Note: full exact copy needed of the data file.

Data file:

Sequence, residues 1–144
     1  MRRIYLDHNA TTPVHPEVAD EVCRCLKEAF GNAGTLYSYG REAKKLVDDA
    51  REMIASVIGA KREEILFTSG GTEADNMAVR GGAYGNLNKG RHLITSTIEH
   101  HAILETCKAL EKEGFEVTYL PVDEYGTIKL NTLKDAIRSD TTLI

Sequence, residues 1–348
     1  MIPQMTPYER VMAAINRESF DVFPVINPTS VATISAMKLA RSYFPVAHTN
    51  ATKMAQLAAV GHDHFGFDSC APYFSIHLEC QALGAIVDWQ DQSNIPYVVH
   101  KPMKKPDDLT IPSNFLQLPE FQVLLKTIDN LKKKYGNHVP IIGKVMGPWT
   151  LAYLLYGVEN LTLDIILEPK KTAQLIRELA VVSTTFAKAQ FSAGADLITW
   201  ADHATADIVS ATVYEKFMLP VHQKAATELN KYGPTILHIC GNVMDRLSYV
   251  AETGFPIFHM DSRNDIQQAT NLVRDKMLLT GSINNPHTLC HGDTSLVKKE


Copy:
Sequence, residues 1–144
     1  MRRIYLDHNA TTPVHPEVAD EVCRCLKEAF GNAGTLYSYG REAKKLVDDA
    51  REMIASVIGA KREEILFTSG GTEADNMAVR GGAYGNLNKG RHLITSTIEH
   101  HAILETCKAL EKEGFEVTYL PVDEYGTIKL NTLKDAIRSD TTLI

Sequence, residues 1–348
     1  MIPQMTPYER VMAAINRESF DVFPVINPTS VATISAMKLA RSYFPVAHTN
    51  ATKMAQLAAV GHDHFGFDSC APYFSIHLEC QALGAIVDWQ DQSNIPYVVH
   101  KPMKKPDDLT IPSNFLQLPE FQVLLKTIDN LKKKYGNHVP IIGKVMGPWT
   151  LAYLLYGVEN LTLDIILEPK KTAQLIRELA VVSTTFAKAQ FSAGADLITW
   201  ADHATADIVS ATVYEKFMLP VHQKAATELN KYGPTILHIC GNVMDRLSYV
   251  AETGFPIFHM DSRNDIQQAT NLVRDKMLLT GSINNPHTLC HGDTSLVKKE